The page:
Wednesday, January 13, 2010

Learner Pathways - let's start the conversation

To start our conversation on the strategic theme of Learner Pathways, Brenda Walton has written the following post. Thank you Brenda!

Click "Read more" to see the entire post, then please add to the discussion with your own comment. New to blogging? See the Dec. 22 post: "How to post a comment".

Take it away, Brenda. --Scott

Learner Pathways - from Brenda Walton, Associate Registrar

To what extent should Douglas College strengthen its relationships with universities to enhance our University Transfer program? How can we make internal and external transfer pathways as open and clear as possible?

There are three challenges that come to mind immediately. We need to improve the transfer process for some of our programs. We need to consider other institutional partners. And we need to review our programs to capitalize on credential laddering.

Many of our programs have seamless transfer to third year for degree programs, however, some of our programs do not and therefore result in students having to take additional course work or bridging courses. They now see that they have to spend more money and time which may result in them not completing a credential as per a specific timeline.

Unfortunately, when there are difficulties, all of our programs tend to get tarred by the same brush. Some of our program articulation agreements need to be reviewed and programs may need some redevelopment to specifically improve the transfer process.

I believe we need to start looking for other partners such as Royal Roads – e.g., their BA in Professional Communication comes to mind. Thompson Rivers University, especially their Open Learning Division, is another option we should be targeting.

With more of our students opting to take courses part-time, it's clear that many of them are working and going to school. Online course work may be enticing to a segment of our student population now, in addition to allowing them a broader range of degree options.

Douglas has little to offer our students with respect to UBC articulation agreements yet we offer a good variety of sciences, health sciences, computer sciences and sport sciences. Perhaps something in one of these disciplines would be appropriate now.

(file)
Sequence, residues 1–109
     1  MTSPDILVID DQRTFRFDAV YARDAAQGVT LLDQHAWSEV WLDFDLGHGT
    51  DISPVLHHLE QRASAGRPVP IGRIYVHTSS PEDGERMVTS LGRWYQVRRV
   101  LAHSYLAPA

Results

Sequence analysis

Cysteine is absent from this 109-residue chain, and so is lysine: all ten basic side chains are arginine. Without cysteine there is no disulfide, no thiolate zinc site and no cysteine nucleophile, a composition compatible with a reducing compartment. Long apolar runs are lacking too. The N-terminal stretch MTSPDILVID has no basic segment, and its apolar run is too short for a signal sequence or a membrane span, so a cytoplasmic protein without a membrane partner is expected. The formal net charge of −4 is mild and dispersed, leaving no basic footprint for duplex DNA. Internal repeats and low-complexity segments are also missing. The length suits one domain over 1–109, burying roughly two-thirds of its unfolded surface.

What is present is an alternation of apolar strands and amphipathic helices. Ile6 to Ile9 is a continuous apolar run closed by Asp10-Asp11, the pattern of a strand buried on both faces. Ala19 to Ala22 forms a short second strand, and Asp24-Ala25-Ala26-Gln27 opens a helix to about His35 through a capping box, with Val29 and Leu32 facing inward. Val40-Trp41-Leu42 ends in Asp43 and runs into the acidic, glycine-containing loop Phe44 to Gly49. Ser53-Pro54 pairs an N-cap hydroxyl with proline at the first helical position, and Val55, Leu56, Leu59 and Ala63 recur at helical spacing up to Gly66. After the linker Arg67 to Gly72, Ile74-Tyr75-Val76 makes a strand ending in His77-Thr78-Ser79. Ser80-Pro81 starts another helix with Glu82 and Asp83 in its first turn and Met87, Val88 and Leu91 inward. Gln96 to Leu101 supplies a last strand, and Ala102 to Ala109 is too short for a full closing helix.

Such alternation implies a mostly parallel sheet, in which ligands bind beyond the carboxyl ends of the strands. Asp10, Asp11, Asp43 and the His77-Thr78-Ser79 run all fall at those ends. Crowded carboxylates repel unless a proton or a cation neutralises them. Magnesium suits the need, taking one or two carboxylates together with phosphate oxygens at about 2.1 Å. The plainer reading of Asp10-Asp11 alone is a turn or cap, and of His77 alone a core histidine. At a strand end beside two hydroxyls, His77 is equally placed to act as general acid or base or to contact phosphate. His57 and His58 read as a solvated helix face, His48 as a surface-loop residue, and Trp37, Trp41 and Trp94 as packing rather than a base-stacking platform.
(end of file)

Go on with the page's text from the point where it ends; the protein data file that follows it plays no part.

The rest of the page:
Finally, we have many students coming to us from BCIT and many of our students going to BCIT. In addition to looking at BCIT for partnerships, since we both are heavy into Business and Health Sciences, I suggest our institutions look at a reciprocity agreement allowing DC employees to take a limited number of BCIT courses for free and vice versa. Since both institutions offer quite different credentials, and since this as a benefit in both Support Staff Collective Agreements, this type of reciprocity may be beneficial to both institutions provided appropriate restrictions are included in an agreement.

We need to look at our programs and develop or redevelop programs that ladder from one credential to another. Allowing the student to step out of a program at a lower credential level (e.g., certificate level) with an option to step back in, giving the student the opportunity to leave with a viable credential that would assist them in the job market, but also having the knowledge that they can come back and continue their education, working on a higher level credential, without having to repeat, duplicate, or take bridging courses.

Taking this a step further, I would like to see us extend this laddering concept to the program pre-entry level. If a student does not meet admission requirements, we need to look at options that would allow us to admit a student to a “pre-entry” program that will allow the student to do some upgrading concurrently while “testing the waters” of college life and the environment to gauge whether this is what they really want. We need to guarantee, provided the student is successful at the pre-entry level, continuation to the next credential level.


Now what do you think? Please use the comment feature to share your thoughts.


  1. Brenda--
    I'm not sure what you mean by our having "little to offer our students with respect to UBC articulation agreements." All Douglas CRWR courses are articulated at UBC, as are (I suspect) all of the College's UT courses.

    On the other hand, those closer partnerships you suggest (e.g. with TRU, Royal Roads) can be fruitful. I know that some UT areas have already made connections with Fraser Valley University and I suspect more of this will begin to happen in the next few years.

  2. Hi Calvin, thanks for your comment - you have a good point and perhaps I was not clear or articulate properly. You are correct, we have tons of courses that transfer to UBC, the problem is putting them together in blocks to transfer them as a package. An example would be our block transfer to UBC BSc Wood Products Processing - while the block transfer is only to UBC 2nd year, is there a way to capitalize on this so Douglas students can transfer to 3rd year of their program?

  3. Thanks for clarifying, Brenda.

  4. The discussion so far has focussed on the College as the beginning of a pathway for students. These things are certainly important.

    I'd like to highlight though that for many of our students and potential students, the College comes somewhere in the middle of the path. For example, many foreign trained professionals enter the College in order to progress to re-credentialing in Canada. If we had more options for these students, specifically tailored to their needs, I think we could both attract more students and better meet the needs of those we have.